Many members of the Christian community in Jaranwala remain displaced after the August 16 violence
have three children. All three have been quiet since the incident; out of fear and trauma,” says Ashraf Masih. Masih, a resident of Christian Colony – and his family, have been hiding in a field on the outskirts of Jaranwala town for three days.
When the rioting began on August 16, he had nowhere to go. A friend offered him refuge on his farm. “We have nothing to eat and no milk or water to give to the children. My friend sneaks in at night and gives us some food so that nobody knows we’re here,” says Masih.
“We are still displaced,” Masih tells The News on Sunday (TNS). “We cannot go back to our homes yet. So we’re camping out here under the open skies,” he gestures. “…neither the police nor the administration are willing to guarantee our safety; so going back is not an option.”
Masih says had the police been more diligent and reached the mosques early in the morning – soon after the calls for agitation - the mob and the violence could have been better contained.
Routines of a normal life remain suspended.
In Issa Nagri, Christian Town, Nasir Colony and some other Christian settlements, debris from demolition and burning is piled up next to churches and houses. The residents are too afraid so far to return.
Most of the Christians living in these areas had evacuated their homes to save their lives before violence began on August 16.
Those who have returned to their homes are struck by grief and traumatised by the riots. There are efforts at offering support and solace but many remain displaced and fearful.
Naziran Bibi, 50, and her family, are amongst those who have returned home to Issa Nagri, after having had to evacuate in a hurry.
“When it was announced from the mosque that someone had committed blasphemy and the Muslim community was gathering outside, everyone left their houses as they were,” she shudders. “…some of us were without our dupattas, others ran barefoot. The only thought on our mind was that our lives were in danger.”
According to Bibi, she sheltered at a relative’s place for two days. When she returned, she found that everything she had left behind had been burnt. Her house was a picture of ruin.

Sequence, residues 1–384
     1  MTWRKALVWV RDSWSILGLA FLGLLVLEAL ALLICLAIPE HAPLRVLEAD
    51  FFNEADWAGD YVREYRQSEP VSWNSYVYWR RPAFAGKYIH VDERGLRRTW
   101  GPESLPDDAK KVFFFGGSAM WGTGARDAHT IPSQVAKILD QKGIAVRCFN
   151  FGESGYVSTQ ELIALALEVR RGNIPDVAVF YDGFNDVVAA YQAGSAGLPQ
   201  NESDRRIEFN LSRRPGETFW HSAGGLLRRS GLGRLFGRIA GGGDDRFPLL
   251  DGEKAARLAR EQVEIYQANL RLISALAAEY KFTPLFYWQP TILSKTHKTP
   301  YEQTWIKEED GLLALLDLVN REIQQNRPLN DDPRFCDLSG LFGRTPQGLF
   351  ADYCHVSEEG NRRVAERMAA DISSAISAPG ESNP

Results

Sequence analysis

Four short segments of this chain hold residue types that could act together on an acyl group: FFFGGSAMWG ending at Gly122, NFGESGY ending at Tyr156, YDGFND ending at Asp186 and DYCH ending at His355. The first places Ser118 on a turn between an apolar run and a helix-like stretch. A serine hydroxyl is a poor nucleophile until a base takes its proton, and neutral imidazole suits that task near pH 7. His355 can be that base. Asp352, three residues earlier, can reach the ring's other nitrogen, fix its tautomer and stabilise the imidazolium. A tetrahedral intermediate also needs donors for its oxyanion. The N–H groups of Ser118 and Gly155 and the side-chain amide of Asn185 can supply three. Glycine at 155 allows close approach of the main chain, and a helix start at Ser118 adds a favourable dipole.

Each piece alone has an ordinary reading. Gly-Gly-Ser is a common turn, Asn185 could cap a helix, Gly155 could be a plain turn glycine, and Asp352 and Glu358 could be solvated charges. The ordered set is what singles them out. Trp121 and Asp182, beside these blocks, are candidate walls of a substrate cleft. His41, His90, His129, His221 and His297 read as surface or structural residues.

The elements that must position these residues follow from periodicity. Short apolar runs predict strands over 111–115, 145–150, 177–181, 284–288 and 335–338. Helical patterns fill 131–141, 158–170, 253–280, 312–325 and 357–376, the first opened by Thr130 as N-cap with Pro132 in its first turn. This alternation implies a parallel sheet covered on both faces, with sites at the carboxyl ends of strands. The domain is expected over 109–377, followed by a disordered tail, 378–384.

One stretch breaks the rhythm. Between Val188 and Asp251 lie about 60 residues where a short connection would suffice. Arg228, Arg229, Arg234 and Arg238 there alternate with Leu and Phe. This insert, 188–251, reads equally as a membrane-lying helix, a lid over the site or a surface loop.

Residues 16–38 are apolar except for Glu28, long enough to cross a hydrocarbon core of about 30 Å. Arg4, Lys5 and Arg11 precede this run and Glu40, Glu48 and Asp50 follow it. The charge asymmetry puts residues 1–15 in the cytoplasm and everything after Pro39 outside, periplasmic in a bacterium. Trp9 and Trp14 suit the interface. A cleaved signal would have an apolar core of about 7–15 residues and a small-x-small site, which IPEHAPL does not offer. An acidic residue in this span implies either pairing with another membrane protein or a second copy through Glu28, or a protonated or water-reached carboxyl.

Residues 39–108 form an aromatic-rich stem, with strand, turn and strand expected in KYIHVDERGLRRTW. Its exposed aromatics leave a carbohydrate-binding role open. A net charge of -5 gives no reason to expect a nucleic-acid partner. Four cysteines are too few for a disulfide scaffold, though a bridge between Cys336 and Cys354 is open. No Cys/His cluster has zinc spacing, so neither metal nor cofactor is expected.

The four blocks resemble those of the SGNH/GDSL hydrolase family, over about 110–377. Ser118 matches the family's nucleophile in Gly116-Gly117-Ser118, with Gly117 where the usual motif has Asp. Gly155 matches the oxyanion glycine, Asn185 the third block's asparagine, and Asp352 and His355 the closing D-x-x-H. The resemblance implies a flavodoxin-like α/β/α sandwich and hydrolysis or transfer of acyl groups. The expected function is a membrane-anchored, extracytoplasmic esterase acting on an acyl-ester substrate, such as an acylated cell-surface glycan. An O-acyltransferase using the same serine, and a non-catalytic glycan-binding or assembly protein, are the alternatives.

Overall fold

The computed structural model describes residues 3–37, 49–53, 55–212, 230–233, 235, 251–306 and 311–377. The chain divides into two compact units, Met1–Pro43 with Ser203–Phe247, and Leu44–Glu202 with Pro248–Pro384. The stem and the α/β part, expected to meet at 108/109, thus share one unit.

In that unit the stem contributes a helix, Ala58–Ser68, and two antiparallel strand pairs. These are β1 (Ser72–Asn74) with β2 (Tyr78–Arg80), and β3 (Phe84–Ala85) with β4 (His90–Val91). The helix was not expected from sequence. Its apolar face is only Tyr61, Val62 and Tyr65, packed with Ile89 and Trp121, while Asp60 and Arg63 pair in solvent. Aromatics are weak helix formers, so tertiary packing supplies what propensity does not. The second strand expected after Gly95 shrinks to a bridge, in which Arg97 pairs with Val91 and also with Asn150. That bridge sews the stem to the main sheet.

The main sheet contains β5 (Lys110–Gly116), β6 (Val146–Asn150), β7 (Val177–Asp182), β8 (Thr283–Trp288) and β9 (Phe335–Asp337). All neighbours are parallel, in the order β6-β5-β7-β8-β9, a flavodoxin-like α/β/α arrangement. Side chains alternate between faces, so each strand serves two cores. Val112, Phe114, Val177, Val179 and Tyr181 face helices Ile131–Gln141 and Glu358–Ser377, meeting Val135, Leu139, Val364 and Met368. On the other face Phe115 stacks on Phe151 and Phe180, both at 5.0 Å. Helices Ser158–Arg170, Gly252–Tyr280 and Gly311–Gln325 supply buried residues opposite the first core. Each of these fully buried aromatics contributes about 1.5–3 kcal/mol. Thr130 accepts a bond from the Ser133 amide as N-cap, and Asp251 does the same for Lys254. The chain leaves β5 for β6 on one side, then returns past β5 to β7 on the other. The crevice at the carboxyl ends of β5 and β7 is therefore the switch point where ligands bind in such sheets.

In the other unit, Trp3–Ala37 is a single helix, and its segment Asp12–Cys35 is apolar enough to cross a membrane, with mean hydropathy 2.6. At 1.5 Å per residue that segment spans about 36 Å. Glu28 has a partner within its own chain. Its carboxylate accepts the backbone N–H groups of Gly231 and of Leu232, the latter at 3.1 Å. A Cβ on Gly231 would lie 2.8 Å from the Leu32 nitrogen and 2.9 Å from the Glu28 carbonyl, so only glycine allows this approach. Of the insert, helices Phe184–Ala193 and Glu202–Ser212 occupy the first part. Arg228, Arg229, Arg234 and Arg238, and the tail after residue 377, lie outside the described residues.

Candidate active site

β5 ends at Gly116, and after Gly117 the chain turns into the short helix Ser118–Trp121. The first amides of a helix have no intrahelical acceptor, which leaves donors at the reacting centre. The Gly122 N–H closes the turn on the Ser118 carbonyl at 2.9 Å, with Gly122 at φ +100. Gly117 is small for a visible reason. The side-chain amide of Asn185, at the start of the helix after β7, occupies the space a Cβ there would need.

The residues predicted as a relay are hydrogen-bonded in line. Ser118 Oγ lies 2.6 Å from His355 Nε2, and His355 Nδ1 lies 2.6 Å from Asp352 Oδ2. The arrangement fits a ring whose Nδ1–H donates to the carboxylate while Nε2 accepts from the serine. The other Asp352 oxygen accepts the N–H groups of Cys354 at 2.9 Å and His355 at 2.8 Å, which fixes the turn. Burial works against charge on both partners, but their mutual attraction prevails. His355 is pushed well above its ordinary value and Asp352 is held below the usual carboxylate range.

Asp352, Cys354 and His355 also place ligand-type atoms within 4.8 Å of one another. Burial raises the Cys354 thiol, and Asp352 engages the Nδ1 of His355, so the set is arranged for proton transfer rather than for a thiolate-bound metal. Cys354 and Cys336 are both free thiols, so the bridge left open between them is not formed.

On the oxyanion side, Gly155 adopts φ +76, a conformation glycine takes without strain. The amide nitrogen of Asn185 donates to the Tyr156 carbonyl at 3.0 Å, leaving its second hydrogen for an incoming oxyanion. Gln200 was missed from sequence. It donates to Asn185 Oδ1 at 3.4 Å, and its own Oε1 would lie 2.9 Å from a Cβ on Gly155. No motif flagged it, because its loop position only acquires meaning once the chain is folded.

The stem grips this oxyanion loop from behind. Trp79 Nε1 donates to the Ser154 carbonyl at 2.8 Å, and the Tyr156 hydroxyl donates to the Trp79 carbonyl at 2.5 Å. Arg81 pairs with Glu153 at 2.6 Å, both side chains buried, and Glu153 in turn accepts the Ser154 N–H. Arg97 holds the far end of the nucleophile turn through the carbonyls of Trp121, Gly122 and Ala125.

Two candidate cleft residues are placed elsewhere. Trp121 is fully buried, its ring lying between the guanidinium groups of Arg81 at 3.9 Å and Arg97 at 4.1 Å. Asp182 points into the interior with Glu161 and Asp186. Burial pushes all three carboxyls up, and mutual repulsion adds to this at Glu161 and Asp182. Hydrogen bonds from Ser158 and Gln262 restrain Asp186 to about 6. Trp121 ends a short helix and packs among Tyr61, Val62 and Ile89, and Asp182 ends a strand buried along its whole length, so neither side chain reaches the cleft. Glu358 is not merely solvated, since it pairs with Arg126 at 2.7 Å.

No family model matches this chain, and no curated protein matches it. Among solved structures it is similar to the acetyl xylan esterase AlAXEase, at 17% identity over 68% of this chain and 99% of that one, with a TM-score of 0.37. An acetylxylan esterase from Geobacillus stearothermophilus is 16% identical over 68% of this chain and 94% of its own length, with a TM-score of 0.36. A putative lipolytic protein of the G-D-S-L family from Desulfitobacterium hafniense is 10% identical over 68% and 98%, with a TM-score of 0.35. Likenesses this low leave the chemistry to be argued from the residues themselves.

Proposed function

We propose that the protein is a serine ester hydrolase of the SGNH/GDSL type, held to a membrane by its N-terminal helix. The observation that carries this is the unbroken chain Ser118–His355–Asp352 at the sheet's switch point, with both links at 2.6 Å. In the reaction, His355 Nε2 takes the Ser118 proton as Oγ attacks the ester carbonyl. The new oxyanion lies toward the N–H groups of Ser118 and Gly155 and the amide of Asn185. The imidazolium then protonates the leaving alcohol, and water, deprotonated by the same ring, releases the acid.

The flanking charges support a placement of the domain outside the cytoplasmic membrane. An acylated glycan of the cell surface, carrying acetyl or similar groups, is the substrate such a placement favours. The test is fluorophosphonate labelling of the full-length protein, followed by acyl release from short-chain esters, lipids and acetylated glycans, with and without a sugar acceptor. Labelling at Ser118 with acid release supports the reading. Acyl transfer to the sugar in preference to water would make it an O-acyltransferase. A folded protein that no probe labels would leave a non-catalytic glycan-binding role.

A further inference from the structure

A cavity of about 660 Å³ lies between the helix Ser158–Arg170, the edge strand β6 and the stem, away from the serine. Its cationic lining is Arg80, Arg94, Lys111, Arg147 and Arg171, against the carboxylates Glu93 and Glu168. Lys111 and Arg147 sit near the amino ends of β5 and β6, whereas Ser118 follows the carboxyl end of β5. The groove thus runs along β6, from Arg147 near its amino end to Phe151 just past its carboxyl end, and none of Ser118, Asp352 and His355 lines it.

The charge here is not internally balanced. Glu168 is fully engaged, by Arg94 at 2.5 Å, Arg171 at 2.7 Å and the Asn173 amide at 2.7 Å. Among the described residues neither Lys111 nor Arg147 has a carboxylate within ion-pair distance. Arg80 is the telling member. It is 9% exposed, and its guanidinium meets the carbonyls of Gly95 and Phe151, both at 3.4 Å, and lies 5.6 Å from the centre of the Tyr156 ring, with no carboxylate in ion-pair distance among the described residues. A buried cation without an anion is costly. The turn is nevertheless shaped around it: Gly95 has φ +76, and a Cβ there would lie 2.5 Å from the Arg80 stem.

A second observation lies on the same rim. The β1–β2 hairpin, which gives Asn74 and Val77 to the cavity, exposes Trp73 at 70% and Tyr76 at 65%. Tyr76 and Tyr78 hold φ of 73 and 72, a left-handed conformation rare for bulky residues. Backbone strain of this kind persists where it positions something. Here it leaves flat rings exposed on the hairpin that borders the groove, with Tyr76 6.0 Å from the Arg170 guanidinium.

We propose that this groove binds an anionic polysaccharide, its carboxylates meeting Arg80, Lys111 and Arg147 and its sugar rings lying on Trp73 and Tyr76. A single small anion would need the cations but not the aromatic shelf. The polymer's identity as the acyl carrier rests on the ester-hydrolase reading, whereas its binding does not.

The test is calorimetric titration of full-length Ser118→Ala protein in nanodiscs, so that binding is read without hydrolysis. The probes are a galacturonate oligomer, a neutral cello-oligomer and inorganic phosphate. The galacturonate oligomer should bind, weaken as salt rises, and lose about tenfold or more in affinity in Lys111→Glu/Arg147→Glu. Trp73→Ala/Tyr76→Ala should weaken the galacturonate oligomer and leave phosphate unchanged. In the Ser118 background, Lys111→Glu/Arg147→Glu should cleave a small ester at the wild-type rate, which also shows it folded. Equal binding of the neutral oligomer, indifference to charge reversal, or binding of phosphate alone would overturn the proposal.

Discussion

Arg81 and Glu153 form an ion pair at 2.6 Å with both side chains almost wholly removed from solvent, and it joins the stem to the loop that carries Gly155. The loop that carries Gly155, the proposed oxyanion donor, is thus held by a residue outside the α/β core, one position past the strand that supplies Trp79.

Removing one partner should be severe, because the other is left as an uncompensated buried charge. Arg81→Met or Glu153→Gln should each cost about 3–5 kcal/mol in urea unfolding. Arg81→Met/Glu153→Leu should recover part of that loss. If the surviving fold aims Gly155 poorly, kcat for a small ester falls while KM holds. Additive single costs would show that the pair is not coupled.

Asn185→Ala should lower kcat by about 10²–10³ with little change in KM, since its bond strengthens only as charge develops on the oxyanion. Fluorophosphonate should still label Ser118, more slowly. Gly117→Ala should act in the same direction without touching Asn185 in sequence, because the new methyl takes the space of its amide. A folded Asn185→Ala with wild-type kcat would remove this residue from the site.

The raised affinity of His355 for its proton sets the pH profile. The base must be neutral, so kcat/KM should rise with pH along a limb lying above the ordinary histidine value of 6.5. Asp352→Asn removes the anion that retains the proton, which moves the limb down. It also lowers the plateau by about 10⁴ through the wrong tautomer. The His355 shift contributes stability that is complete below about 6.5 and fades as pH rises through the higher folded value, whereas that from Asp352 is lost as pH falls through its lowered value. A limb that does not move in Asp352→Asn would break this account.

“The houses that were locked were broken into and looted. The goods that were too heavy to carry easily were burnt to ashes,” she says.
Mohammad Afzal, a resident of Chamra Mandi, who complained to the police, insists that the Holy Quran was desecrated.
He says that blasphemous matter was sent to Imam Qari Yunus of the local mosque. He says announcements were made in the mosques thereafter.
“The [blasphemy] incident was also reported to the police who visited the place. They remarked that the culprits had fled and asked me to visit the police station and file an application for the registration of an FIR, he adds.
Afzal says had the police taken prompt action and arrested the culprits the matter would have been defused.
A government building, the residence of Assistant Commissioner Shaukat Masih Sindhu, was also targeted by the rioters. According to eyewitnesses, the protestors chanted hate slogans against the official and demanded his suspension from service.
According to the police, a case was registered at the City police station against two brothers following a desecration of Quran complaint. The suspects have been arrested. Another 200 people have been detained on charges under the Anti-Terrorism Act and other provisions of the Pakistan Penal Code.
“We cannot go back to our homes yet so we’re camping out here under the open skies,” he gestures, “…neither the police nor the administration are willing to guarantee our safety; so going back is not an option.”